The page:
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Wisconsin has been a hotbed of political fighting over the past two years. Republican Governor Scott Walker pushed to strip public sector unions of most of their bargaining rights. That triggered massive protests and a failed attempt to recall Walker from office in June. The recall battle with its dueling well-funded grassroots organizations was unlike any Wisconsin had ever seen.
As NPR's Don Gonyea reports, both sides are now reprising that battle for the presidential race.
DON GONYEA, BYLINE: This is the southeastern Wisconsin city of Racine, a Mitt Romney phone bank located in the congressional district of GOP vice presidential nominee Paul Ryan. We visited Sunday, but volunteer Vickie Hynek assured me they did not bother people while the Green Bay Packers were playing.
VICKIE HYNEK: But as soon as the Packer game was over, we're right back on the telephones and we've had some really good response.
GONYEA: Hynek is counting down the days...
HYNEK: Nine today, yeah, but it will be eight tomorrow and then seven the next day.
GONYEA: Both President Obama and Governor Romney cancelled appearances in Wisconsin this week as the hurricane threatened the East Coast. Big rallies are important. Still, much of the action is on the ground in campaign offices where volunteers gather, maybe one or two or three dozen at a time, where the grind of phone calls and data entry or canvassing is punctuated by occasional visits from statewide office holders or local party officials.
UNIDENTIFIED WOMAN #1: Welcome North Shore Republicans. Yeah.
GONYEA: It seems most of these volunteers on both sides were active in Wisconsin's June recall election. Business owner Frank Orlando was at the GOP office in White Fish Bay.
FRANK ORLANDO: On the way in today, I said: It's funny, it's the exact same feeling we had during the recall election, that feeling of momentum, energy. And you went, we're going to win this thing. You could feel the energy coming out.
GONYEA: That energy for Romney seems relatively new in Wisconsin. Some volunteers said it kicked in after the first presidential debate. Wisconsin has gone Democratic in every presidential election since 1988, but polls this year show a close race. The recall was Frank Orlando's first political campaign, same for Romney-backer Amy Lucy Shyn, a stay-at-home mom.
AMY LUCY SHYN: I guess more than anything, it's - for me, knocking on doors is new and I had never done it before. I did it for Scott Walker. And it was not as difficult as I thought it was going to be.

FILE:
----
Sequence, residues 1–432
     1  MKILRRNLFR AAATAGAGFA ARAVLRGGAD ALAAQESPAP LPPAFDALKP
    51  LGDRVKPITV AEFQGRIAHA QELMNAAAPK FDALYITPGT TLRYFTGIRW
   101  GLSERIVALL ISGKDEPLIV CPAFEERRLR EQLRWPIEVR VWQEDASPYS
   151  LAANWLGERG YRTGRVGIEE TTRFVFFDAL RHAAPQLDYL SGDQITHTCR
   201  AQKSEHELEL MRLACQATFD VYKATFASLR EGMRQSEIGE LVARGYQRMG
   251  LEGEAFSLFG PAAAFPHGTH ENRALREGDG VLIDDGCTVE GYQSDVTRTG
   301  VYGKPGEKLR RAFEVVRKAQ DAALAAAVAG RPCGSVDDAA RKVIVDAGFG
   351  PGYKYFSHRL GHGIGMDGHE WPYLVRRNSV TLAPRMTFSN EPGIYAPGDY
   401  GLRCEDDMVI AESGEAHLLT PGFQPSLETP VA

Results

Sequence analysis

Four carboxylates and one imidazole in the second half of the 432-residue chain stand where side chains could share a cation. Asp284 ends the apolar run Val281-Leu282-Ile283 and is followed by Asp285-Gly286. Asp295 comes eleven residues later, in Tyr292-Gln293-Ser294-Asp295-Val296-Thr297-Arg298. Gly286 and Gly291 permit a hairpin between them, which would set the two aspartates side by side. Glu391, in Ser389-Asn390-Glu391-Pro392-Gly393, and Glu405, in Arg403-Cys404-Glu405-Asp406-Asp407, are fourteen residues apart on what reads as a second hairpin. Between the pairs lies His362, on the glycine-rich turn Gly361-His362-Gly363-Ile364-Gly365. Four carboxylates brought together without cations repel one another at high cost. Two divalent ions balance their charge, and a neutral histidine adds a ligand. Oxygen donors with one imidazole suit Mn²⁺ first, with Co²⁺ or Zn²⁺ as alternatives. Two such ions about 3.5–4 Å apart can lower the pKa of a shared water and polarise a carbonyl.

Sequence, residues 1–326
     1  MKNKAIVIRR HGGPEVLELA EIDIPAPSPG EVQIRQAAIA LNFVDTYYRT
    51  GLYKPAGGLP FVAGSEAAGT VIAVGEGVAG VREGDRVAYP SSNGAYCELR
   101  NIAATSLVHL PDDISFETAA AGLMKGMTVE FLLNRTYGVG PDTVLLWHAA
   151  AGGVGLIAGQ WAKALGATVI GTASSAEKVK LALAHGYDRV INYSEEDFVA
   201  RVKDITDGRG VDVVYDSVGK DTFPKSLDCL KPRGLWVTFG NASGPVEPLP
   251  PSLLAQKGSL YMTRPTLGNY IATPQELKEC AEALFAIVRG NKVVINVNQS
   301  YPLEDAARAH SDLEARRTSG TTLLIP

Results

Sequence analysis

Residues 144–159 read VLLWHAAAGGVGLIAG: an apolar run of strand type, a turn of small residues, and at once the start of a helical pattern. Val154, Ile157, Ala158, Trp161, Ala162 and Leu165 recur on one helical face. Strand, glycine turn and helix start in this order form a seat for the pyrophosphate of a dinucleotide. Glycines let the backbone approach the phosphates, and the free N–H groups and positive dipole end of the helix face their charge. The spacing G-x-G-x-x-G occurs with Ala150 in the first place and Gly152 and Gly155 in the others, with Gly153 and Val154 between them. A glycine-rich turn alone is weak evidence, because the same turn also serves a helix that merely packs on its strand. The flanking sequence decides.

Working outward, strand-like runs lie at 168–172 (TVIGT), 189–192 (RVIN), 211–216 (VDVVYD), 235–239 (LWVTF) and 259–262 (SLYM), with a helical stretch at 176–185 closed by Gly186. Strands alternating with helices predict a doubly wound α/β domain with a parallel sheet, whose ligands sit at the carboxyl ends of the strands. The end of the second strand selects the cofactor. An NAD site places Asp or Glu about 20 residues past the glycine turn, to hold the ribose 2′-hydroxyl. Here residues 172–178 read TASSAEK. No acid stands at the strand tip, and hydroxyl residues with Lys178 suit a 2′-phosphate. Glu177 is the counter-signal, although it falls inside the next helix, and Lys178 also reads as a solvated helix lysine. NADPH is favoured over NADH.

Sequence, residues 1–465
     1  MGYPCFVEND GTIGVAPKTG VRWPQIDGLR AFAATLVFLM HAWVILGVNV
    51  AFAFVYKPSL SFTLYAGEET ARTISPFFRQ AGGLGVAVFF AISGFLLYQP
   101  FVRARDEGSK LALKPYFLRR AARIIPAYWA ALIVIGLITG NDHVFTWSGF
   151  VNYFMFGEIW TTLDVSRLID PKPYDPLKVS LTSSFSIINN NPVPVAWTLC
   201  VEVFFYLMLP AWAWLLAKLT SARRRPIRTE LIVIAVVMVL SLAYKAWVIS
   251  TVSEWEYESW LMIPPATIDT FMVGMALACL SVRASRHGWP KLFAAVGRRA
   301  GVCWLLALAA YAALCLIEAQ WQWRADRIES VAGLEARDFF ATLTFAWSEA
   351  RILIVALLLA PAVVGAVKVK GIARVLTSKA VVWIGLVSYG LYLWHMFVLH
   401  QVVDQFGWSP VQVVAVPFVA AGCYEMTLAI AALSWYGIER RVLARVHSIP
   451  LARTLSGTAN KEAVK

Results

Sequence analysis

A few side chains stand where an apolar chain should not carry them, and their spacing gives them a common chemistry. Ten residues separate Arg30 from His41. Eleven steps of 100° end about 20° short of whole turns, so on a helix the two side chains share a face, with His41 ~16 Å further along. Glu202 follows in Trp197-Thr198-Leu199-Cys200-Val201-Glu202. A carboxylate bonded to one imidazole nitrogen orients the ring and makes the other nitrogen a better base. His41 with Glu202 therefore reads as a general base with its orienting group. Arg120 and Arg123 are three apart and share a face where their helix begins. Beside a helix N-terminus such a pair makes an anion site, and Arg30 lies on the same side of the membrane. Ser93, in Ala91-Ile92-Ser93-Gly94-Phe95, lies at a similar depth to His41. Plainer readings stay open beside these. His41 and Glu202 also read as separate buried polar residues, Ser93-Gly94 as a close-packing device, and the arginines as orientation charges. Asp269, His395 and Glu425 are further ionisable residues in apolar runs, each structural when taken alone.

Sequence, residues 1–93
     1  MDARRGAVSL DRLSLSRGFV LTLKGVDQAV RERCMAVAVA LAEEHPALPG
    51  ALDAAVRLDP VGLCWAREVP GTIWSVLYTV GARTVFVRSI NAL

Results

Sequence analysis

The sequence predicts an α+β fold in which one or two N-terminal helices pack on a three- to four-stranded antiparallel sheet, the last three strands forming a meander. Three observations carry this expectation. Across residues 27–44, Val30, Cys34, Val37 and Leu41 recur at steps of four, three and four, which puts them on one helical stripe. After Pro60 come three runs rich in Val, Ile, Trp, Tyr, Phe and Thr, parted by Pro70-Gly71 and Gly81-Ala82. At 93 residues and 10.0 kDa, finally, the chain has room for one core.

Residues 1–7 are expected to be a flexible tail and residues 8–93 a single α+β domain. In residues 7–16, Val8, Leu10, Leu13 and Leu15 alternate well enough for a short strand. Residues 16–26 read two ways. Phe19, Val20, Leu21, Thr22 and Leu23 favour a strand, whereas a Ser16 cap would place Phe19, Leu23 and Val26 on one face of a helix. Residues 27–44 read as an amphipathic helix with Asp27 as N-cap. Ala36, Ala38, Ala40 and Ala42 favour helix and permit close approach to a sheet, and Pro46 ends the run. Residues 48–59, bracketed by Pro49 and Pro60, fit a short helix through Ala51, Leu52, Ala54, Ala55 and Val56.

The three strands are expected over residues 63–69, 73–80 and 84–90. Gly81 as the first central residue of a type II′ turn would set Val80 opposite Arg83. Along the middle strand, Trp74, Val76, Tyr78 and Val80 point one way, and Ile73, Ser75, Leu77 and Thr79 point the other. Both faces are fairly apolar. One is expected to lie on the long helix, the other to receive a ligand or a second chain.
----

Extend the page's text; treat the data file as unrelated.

GONYEA: In state after state, there are many more Democratic Party field offices than those set up by Republicans. That's true here as well. Even though in Wisconsin, Democrats did not succeed in tossing out Governor Walker in June, they've gotten past the hangover of that loss and have adapted their recall operations to the general election. John Drew of Kenosha is a United Autoworkers Union official.
JOHN DREW: The one good thing about the recall in terms of our volunteers is people got a lot of experience during the recall and it was kind of like a warm up now.
GONYEA: Back in Obama office in Milwaukee this weekend, canvassers were coming in to pick up lists of doors to knock on.
UNIDENTIFIED MAN #1: Saturday morning was in Racine, Kenosha, Milwaukee. We're going to be doing doors, OK, so...
GONYEA: There were high school students and retirees in their 70s. Congresswoman Gwen Moore stopped by.
REPRESENTATIVE GWEN MOORE: You all look like a whole army of ants here today. You do. You just do your part, carry 10 times your weight just like any good ant would do, because you know what an old African proverb says? Together the ants eat the elephant.
GONYEA: Early voting is underway in Wisconsin. That's the big push for Democrats. On Sunday, vans drove across Milwaukee, picking people up and dropping them at the municipal building downtown where they could vote over the weekend.
UNIDENTIFIED WOMAN #2: You are registered already? All right. You can go in. Have you moved since the last time you voted?
UNIDENTIFIED MAN #2: No.
UNIDENTIFIED WOMAN #2: OK. So you're just going to go right in this front stairs and they're going to send you downstairs. Follow the...
GONYEA: The goal was to turn unlikely voters into actual voters. Thirty-seven-year-old Latasha Kelly said she'd never voted before.
UNIDENTIFIED MAN #3: How much did having a ride help?
LATASHA KELLY: Oh, it helped a great deal because the ride came exactly when it said it was going to come. I got a chance to just leave and come back, so it took 10 minutes.
GONYEA: There is just over a week left to get people to the polls both early and on November 6. This is when it's all on the line in Wisconsin. That's something no one needs to be reminded of. Don Gonyea, NPR News, Racine.
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